There is something happening in our industry—you can feel it. Before the COVID pandemic, there had been some subtle shifts, but now in the (hopefully) post-COVID era, we can expect to see some significant changes in our industry—and in the world as well.
From where I sit, here are some of the noteworthy trends that I see shaking up the industry in the very near future. In fact, most of them have already begun making waves:
- More New Product Development (NPI): This has already begun, with the pandemic the most likely reason that new products are being developed at an accelerated rate. Companies are working on new and innovative products, including things as elaborate as spaceships, electric cars, global internet connectivity, new medical and security devices, and even new weapons of mass destruction. We are finding better and more efficient ways to do just about everything.
- More complete synergistic solutions: With so many new products on the horizon, synergy will be the name of the game in the industry. New product development creates a need for speed, which means working together to bring concepts and ideas into reality faster than ever. Already we are seeing designers, PCB fabrication engineers, and assembly companies joining forces to get things done. Working together concurrently on projects is a much more efficient approach than the traditional consecutive working method; fab houses can start getting the right laminates on order while designs are being completed and, most importantly, with shortages a constant threat, assemblers can order components while designs are still being created. All this can now happen simultaneously.
- More supplier research and development: Now that OEMs rarely have their own board shops, they lack the ability to develop new PCB process technology. This means that OEMs have come to rely on fab houses to do their R&D for them, forcing fab houses to have their own experts on hand to develop the technology and processes required to build boards. This is happening right now; fab shop engineering departments are taking on a larger and more influential role in this area, not only with their customers, but with designers and assembly companies as well.
- Global sourcing will increase and extend to countries beyond China: People are looking for a wider breadth of global suppliers not just in our industry, but in all facets of the general marketplace. This means that new markets are opening around the world. No matter what anyone says, we will always be doing business with China—but that does not mean that we will stop looking for sources in other countries as well. As of this writing, companies in our industry are looking for global partners in Vietnam, South Korea, Thailand, Taiwan, and India, just to name a few. These new partnerships will go a long way toward generalizing and globalizing our supply chain. I think this is a good thing. We will always be somewhat dependent on China, but the pandemic has taught us that we can no longer be entirely dependent on them.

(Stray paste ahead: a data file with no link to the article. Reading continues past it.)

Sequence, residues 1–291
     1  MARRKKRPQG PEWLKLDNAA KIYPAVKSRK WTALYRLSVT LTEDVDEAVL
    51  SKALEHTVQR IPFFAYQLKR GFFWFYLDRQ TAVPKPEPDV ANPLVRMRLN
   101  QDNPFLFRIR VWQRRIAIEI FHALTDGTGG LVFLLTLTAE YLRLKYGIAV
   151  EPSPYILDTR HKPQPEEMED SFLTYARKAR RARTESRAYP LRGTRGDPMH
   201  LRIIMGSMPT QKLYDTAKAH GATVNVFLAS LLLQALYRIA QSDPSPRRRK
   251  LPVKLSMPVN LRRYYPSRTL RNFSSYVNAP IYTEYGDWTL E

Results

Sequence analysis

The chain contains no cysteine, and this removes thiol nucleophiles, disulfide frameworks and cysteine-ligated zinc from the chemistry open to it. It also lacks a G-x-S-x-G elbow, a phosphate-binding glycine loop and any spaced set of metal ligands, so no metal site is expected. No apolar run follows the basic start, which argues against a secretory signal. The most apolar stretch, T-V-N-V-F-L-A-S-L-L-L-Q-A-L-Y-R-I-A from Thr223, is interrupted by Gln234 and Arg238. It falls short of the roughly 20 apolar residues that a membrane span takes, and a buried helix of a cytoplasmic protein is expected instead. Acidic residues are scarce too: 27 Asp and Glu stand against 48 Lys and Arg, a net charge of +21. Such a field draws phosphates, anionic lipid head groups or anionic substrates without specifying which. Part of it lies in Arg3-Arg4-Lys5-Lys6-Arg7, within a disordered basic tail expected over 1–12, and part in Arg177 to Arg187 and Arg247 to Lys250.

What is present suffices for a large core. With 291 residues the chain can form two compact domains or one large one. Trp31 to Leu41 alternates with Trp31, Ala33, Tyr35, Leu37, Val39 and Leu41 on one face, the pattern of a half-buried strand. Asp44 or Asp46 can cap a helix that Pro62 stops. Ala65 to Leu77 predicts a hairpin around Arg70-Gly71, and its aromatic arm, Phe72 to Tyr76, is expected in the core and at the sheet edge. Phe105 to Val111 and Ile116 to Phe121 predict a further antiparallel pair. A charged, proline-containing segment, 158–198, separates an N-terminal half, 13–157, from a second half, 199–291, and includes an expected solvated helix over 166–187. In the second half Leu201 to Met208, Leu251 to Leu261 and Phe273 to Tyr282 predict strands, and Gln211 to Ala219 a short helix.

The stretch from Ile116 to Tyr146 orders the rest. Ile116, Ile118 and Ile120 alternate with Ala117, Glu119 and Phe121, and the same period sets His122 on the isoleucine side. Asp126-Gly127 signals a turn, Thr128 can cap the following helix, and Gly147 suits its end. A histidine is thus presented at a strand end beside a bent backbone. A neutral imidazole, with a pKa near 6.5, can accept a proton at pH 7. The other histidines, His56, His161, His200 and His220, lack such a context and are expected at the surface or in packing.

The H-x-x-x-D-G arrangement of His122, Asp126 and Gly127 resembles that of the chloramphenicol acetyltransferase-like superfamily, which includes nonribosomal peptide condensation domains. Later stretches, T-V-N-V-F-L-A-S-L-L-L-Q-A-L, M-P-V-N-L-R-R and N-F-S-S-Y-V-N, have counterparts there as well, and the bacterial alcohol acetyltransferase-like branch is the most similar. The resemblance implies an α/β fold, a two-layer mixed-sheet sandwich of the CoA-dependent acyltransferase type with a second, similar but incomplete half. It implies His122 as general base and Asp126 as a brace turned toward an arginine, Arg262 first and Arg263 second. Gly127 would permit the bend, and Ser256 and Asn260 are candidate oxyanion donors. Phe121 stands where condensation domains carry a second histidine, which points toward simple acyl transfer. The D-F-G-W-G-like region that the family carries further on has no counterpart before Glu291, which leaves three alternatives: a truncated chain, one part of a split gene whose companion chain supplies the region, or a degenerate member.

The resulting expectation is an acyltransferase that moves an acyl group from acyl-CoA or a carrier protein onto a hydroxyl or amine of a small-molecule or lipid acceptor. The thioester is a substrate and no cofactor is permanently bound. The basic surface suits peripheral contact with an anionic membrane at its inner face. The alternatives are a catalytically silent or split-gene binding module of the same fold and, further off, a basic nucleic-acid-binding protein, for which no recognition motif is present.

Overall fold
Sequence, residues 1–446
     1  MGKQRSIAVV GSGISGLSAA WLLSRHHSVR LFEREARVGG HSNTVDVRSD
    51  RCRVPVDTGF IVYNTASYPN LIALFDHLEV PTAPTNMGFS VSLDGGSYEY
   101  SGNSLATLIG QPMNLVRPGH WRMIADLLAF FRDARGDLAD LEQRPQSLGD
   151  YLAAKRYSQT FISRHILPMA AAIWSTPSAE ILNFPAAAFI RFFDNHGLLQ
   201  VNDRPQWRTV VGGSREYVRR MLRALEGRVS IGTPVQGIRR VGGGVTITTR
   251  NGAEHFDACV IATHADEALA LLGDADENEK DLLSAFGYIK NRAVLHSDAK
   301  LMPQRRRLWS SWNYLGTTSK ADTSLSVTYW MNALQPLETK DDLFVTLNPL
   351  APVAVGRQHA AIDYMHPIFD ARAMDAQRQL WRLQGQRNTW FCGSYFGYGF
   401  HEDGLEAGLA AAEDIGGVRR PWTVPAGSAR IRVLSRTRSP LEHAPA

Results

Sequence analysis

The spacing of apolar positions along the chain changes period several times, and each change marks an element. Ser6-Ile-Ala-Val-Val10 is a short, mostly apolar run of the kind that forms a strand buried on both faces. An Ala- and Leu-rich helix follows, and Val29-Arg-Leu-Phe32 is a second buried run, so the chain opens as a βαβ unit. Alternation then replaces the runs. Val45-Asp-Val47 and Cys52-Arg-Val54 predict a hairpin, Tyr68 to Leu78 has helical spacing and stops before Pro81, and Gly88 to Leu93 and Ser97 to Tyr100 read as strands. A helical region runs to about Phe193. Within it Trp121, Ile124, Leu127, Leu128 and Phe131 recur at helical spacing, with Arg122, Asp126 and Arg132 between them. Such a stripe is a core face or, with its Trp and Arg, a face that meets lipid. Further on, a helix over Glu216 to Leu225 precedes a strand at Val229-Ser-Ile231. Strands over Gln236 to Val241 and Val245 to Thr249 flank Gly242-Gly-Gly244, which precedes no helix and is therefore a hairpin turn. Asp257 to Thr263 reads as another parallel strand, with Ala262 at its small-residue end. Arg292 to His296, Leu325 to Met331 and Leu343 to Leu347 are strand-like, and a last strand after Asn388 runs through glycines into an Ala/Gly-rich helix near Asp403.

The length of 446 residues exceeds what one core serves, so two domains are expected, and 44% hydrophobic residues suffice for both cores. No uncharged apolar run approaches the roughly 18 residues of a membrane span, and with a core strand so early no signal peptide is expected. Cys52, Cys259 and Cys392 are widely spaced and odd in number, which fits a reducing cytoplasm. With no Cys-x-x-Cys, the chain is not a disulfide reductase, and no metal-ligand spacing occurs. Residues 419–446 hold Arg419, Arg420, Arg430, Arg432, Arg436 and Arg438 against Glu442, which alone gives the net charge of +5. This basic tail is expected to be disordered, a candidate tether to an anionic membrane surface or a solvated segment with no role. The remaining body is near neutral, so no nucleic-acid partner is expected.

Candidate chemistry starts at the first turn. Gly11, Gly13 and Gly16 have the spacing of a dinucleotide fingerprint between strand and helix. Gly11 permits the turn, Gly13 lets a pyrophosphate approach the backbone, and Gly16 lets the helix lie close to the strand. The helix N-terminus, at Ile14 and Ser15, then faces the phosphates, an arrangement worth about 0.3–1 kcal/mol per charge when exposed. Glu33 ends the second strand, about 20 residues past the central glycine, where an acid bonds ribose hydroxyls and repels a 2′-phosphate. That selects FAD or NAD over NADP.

- Protecting IP: For a long time, many companies assumed that doing business in China meant losing our intellectual property. In fact, for decades, some of our OEMs literally gave their intellectual property away for the sake of using inexpensive products from China to generate greater profits. But no more. If the pandemic taught us one thing, it’s that we can no longer be so dependent on other countries, especially countries that, at best, are our “frenemies.” The fact that we could not even produce ventilators in this country during the height of the COVID pandemic certainly scared us straight; we realized very quickly that we had become too dependent on another country. It also opened our eyes to the fact that we are losing our edge as a world leader in developing innovative new products. From now on, we can expect a much more serious and protective approach when it comes to the confidentiality of our intellectual property.
As I consider these trends and where our business is heading, it makes me feel more optimistic about the future, especially for those of us in the PCB and PCBA industries. I believe that we are going to see our domestic industry grow more in the next few years than it has in the past 25 years. Already some companies like ours are completely upgrading their facilities, and there are even some “shops of the future” being built at this time.
Stay tuned—the best is yet to come.